Although the present invention has been described by way of an image processing apparatus such as an MFP, the present invention may also be embodied as a method for performing the processing described above, or as a program run by a computer to perform the method. Further, the present invention may be embodied as a computer-readable recording medium storing the above program. Examples of such a computer-readable recording medium include a magnetic tape, a magnetic disk such as a flexible disk, an optical medium such as a DVD, a CD-ROM, a CD-R, an MO and a PD, a flash memory such as Smart Media (Registered Trademark) and CompactFlash (Registered Trademark). Still further, the present invention may be manufactured or transferred in form of a recording medium, and transmitted and provided in form of a program via a various types of wired or wireless network, such as the Internet, broadcast, an electronic communications network, and satellite communications.

Modifications

Up to this point, the present invention has been described by way of the above embodiments. However, it is naturally appreciated that the present invention is not limited to those specific embodiments described above, and various modifications including the following may be made.

(1) In the above embodiments, a request relating to image processing is described in XML. However, the present invention is not limited thereto, and a request relating to image processing may be described in HTML (Hypertext Markup Language) for example. In this case, the MFP receives from a PC, HTML data in which a request relating to image processing is embedded. Accordingly, the external API application or the external API unit needs to be configured to convert HTML data to data executable by the control layer.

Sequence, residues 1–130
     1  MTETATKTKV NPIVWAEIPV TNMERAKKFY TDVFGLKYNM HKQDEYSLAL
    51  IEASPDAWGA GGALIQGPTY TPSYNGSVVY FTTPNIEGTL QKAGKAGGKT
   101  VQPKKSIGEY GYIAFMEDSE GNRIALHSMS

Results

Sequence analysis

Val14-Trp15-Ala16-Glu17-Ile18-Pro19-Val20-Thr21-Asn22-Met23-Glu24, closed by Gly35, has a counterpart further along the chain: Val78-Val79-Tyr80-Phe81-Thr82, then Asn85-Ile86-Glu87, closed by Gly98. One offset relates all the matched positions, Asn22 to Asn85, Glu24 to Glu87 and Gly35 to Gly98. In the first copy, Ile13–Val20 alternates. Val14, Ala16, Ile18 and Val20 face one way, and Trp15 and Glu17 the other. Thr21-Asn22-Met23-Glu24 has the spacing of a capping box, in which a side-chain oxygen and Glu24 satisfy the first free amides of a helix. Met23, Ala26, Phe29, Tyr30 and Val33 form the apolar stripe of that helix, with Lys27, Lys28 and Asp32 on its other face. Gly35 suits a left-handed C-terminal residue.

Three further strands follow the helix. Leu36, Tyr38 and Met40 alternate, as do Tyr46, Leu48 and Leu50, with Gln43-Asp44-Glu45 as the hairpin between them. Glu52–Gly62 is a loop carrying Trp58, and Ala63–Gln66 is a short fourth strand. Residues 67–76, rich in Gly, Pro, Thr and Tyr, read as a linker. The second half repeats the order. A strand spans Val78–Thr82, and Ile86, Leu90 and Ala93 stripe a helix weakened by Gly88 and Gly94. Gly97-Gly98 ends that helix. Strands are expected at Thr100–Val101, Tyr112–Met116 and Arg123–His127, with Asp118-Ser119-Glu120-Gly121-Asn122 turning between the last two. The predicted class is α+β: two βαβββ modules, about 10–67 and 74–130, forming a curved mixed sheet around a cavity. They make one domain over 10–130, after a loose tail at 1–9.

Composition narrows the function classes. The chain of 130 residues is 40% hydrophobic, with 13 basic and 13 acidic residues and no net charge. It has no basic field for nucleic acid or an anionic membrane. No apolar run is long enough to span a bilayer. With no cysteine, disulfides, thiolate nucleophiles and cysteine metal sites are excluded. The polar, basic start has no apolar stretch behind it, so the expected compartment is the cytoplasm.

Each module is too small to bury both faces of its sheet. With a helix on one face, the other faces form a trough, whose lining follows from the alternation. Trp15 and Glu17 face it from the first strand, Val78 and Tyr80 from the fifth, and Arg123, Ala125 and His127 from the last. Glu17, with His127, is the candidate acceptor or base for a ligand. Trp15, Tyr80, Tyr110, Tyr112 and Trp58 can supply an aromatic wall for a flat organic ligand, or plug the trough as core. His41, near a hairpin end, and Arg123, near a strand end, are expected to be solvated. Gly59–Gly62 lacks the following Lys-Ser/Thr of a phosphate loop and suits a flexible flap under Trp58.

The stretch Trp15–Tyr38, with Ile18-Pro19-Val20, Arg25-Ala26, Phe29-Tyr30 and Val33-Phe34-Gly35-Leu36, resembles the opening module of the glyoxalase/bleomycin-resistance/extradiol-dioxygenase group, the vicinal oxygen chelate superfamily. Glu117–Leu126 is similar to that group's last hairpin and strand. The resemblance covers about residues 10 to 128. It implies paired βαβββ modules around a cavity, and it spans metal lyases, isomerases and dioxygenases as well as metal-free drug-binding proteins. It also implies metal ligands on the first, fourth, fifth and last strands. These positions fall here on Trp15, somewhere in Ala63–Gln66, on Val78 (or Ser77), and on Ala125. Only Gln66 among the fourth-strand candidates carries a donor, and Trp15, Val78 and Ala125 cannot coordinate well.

(2) In the above embodiments, the control layer and the external API application (external API unit) are configured as two separate components. However, it is possible to configure, for example, the external API application (external API unit) as a part of the control layer.

(3) In the above embodiments, the MFP is connected to the PC via a network. However, the connection may be established via any scheme as long as communications therebetween are performed to mutually transmit data such as a processing request. For example, the MFP may be connected to the PC directly.

Further, although the present invention is applied in the above embodiments to a digital MFP, the present invention is applicable generally to any image processing apparatus, such as a scanner, a printer, and a facsimile.

Although the present invention has been fully described by way of examples with reference to the accompanying drawings, it is to be noted that various changes and modifications will be apparent to those skilled in the art. Therefore, unless such changes and modifications depart from the scope of the present invention, they should be construed as being included therein.

Claims

1. An image processing apparatus comprising:

a hardware resource that includes at least one of an image forming unit, a read unit, and a display unit;
a first control program;
a second control program; and
an application program, wherein
the hardware resource and the programs are arranged in such a hierarchical architecture that the first control program is superordinate to the hardware resource, and the application program and the second control program are superordinate to the first control program,
the first control program includes a first API (application program interface) for receiving a first request relating to image processing from the second control program and a second request relating to image processing from the application program, and controls, on receiving either of the first and second requests, the hardware resource to perform image processing based on the received request, and